Get ready for that rarest of GI Joe figures: a Cobra character who's not only an individual, but has a real name and a place of birth.
Range-Vipers are notorious for being some of the nastiest soldiers in Cobra's army. As Wilderness Troopers, they are at home deep
in unfriendly, often unexplored territory, waiting for indeterminate lengths for orders that may never come. They survive with limited supplies by living off the land and eating whatever they can get their hands on. The evasion skills enable them to steal ammunition and provisions from the enemy, often shifting the balance of power before a single round has been fired.
As operations commander, Skull Buster sits at the top of their twisted food chain. He grew up neglected and forced to fend for himself in despicable conditions, and he trains his team the same way. He excels at improvising weapons, but prefers despoiling the artifacts of any unfortunate natives and using them as his personal tools. Even his own troops know to give him a wide berth if he hasn't hunted anyone in a long time. The rumor around camp is that he has human bones in his locker - with fresh teeth marks on them.
Funny the filecard should mention rumors, because there's a doozy of one about Skull Buster. The character was introduced in Generation 2 - 2002,
to be specific. Now think for a moment, toy fans, about what else came out in 2002. Is there perhaps some property you can think of, that happens to feature a skull-faced villain wearing purple, that happened to have a reboot in 2002? Yeah, that's right: the original Skull Buster was designed to cash in on Skeletor. At least, that's the rumor that's been going around the fandom for years; who knows if it's actually true or not?
And while we're on the subject of references, Skull Buster's filecard is full of them. The final paragraph suggests he's a cannibal, and his personal quote mentions he's "feeling hungry for a fight." To go along with that, his place of birth is listed as Donner Pass, and his real name, Albert F. Packer, is a reference to (historical figure) Alferd Packer.
The G2 Skull Buster was just a purple repaint of the 1990 Range-Viper, so naturally, this figure is (mostly) a purple repaint of the "Defense of Cobra Island" Range-Viper. Same masked head, same ribbed sweater, same armored plates on the knees and boots, all that. So for the most part, the body looks good (even with the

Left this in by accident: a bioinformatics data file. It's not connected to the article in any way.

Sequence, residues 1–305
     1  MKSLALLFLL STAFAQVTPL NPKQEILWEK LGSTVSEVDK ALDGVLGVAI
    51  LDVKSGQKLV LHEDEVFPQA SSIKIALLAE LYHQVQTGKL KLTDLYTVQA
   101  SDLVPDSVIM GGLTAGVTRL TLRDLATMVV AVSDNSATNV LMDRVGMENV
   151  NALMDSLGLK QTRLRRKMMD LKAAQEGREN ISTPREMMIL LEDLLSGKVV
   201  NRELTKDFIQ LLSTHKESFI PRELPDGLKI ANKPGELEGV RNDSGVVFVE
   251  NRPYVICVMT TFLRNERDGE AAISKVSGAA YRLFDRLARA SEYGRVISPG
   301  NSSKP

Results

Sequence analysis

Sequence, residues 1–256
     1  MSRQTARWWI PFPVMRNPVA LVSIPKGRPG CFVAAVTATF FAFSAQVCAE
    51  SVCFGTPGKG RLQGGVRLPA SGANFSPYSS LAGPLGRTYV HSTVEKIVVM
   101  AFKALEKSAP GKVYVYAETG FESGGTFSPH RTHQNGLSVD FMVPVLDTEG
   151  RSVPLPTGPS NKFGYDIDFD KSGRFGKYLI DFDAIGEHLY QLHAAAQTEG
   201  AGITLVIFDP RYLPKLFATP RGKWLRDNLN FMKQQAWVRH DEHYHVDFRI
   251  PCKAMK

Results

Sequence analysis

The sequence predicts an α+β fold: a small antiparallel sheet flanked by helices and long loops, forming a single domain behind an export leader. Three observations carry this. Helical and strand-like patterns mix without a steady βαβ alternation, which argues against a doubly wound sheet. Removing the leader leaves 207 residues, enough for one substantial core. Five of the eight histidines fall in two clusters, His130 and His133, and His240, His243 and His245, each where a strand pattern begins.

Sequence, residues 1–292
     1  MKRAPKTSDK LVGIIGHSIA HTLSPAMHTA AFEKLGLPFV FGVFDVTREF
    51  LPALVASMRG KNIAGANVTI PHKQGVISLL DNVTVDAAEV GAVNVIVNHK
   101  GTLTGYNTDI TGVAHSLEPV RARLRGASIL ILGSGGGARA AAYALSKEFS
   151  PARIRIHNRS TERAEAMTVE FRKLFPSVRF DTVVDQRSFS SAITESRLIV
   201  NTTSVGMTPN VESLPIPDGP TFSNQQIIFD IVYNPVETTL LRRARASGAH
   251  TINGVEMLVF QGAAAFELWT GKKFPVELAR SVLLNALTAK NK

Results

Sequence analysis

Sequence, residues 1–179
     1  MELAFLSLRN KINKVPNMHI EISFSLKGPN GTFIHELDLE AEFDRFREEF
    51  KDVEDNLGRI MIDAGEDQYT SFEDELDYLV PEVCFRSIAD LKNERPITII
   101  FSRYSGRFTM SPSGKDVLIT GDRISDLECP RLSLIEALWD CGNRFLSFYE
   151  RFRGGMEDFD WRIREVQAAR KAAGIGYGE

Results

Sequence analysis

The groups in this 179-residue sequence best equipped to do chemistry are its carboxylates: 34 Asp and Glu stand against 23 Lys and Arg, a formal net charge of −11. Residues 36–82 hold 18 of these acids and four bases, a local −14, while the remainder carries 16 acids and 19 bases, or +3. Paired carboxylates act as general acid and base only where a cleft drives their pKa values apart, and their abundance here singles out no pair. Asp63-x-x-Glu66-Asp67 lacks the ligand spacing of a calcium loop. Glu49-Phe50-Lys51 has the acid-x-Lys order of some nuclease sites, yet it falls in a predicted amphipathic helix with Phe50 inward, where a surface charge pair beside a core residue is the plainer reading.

inexplicable purple colorscheme. And then you get to the arms.
For whatever reason, the Collectors' Club has opted to use the forearms from Pursuit of Cobra Shadow Tracker. As we mentioned in that review, Shadow Tracker definitely seemed to be influenced by DDP's take on Skull Buster, so you'd think that would be fine - but Shadow Tracker is a taller figure than the Range-Viper, so his forearms on this body just look wrong. They're fine if the joints aren't bent - kind of like the awful Infinite Heroes Martian Manhunter, where the elbows were set too high - but with a little bit of motion at all he becomes Mr. Ape-Arms. Not cool.
If they were going to go with a Range-Viper repaint, they should have stuck with a Range-Viper repaint; or if they were
going to bring in elements of Shadow Tracker, they should have brought in more elements of Shadow Tracker. They could easily have come up with something that split the difference between the old, forgotten toy and the drastic (yet memorable) comic appearance, but instead they aimed for a direct update with a big inexplicable flaw. Not something worth paying premium prices for.
Skull Buster comes with the same accessories as the Range-Viper - a black backpack with gold grenades, a black shoulder holster with a gold bandolier of bullets, a grey pistol, a grey machine gun with bipod, a grey grenade launcher, and a gold ammo belt - plus the spear and flail that Shadow Tracker came with. These are a far cry from the "improvised weapons" the filecard says he likes to use.
In Dark Knight Rises, Bane says "no one cared who I was until I put on the mask." Similarly, no one cared about Skull Buster until DDP had him go native in Namibia. Making a toy of that guy, rather than an attempt at a straight update, might have been worth the money the Joe Club is charging for this guy. Then again, in some alternate universe, maybe another you is reading a review about how clumsy the attempt to make the comic character was, and that a plain purple Range-Viper would have been better.